Cherian Thomas

27 December 2012

Page speed really does matter

At Cucumbertown we use different strategies to ensure page loads in 2 second range. At the most under 3 seconds. And we are fanatical about this.

Naturally we have quite a few alerts if it hits upper thresholds of 3 seconds plus.

Couple of days before Chris Zacharias wrote about how page weight matters and how YouTube dealt with this. So when a mails pop up in your inbox with this alert from Google Analytics with over 20 seconds in page load, you stop everything to find what’s happening.

Page speed 20 sec alert

Usually a delay in page load is often picked up immediately after a production push mostly by random testing or from our highly engaged users. But this didn’t happen and the alert came a day later.

That freaks you out. Unknown problems for which you haven’t yet figured out root cause IMO is greater danger than a big bug where you know the issue.

We started probing and that’s when we saw results like this.

Site Speed Page Timings Google Analytics

And of course Google Analytics was averaging the time and the average was skewing the results.

Correlating this with other results and the jig saw started fell into place. Cucumbertown was picked up by a food channel in Nigeria and a prominent blogger in Thailand and this was bringing in the crowds. But the page load in these countries as you can see is ridiculously low.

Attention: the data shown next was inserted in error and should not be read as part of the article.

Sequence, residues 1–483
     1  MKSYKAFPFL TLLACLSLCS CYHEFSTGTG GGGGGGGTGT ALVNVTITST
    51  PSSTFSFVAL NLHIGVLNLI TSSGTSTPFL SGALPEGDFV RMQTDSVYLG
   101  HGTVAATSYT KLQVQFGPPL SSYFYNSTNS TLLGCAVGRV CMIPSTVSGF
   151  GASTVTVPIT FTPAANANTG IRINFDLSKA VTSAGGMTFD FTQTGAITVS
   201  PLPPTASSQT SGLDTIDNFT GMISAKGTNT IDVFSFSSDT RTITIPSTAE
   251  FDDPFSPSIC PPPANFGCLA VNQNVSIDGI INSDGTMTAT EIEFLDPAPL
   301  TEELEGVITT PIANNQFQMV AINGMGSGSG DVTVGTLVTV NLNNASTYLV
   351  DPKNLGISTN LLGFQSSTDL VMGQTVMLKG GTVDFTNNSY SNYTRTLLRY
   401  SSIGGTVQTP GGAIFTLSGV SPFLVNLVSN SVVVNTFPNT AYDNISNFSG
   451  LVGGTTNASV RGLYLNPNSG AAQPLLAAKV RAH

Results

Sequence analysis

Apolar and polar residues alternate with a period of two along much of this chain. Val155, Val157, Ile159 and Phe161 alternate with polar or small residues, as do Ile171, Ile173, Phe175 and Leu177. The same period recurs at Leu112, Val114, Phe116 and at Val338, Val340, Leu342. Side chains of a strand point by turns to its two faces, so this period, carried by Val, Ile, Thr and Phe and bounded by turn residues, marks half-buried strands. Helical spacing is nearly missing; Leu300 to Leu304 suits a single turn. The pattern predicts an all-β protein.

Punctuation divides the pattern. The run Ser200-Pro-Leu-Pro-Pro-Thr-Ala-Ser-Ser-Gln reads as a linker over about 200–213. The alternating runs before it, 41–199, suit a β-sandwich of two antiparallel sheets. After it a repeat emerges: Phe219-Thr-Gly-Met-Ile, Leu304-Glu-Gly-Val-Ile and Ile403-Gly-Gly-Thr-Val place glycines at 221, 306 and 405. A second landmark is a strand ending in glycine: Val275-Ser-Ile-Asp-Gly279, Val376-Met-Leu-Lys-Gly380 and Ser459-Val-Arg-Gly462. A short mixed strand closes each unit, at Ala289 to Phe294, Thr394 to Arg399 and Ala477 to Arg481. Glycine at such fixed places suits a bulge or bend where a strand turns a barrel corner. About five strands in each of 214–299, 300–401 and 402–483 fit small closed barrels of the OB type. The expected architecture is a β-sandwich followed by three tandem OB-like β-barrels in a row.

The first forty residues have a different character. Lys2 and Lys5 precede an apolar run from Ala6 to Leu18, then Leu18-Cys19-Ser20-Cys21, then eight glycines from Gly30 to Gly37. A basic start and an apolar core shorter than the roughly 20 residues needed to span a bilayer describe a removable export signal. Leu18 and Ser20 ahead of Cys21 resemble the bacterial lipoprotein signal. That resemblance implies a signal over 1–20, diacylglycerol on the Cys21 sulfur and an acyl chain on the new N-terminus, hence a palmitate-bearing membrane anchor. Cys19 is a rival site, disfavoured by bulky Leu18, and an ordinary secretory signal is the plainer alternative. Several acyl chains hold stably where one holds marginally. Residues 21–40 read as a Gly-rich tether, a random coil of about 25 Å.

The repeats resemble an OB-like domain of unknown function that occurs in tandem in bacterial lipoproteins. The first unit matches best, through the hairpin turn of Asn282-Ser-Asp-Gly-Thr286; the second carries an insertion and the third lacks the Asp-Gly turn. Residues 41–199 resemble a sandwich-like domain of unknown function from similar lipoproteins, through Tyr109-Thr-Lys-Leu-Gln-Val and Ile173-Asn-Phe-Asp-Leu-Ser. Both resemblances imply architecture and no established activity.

Cucumbertown is an asset heavy website and there is a significant cost associated in loading the basic scripts even thought we delay everything through requireJS and dynamically load JavaScript based on need. Even the basic DOM load is taking time.

Corroborate this with the load time in the US at 2.5 seconds, the speed of light and latency at 43ms for DSL devices across the globe and it’s time to start thinking about CDN’ing assets.

At Zynga we had initially relied on Akamai but later switched to LimeLight and they look like a prime candidate to rely on.

But the recent activity by CloudFlare on HackerNews and the umbrella features they offer seemed tempting to explore. And I took a dip in the water to test CloudFlare.

Right now this blog is served via CloudFlare off a free plan that includes CDNing the assets. The experience is good when there is a rush of requests but if the site is not accessed consistently then it seems like the cache gets evicted. The page load is worse when there is a first time hit after inactivity. But then the follow up requests page loads at 1.5-2 seconds.

Gigpeppers | 1

I have always thought of CDN’s as an enterprisy expensive word. But here we are; a startup serving the globe and this solution looks imperative.

Do you have any advice? How’s your experience been?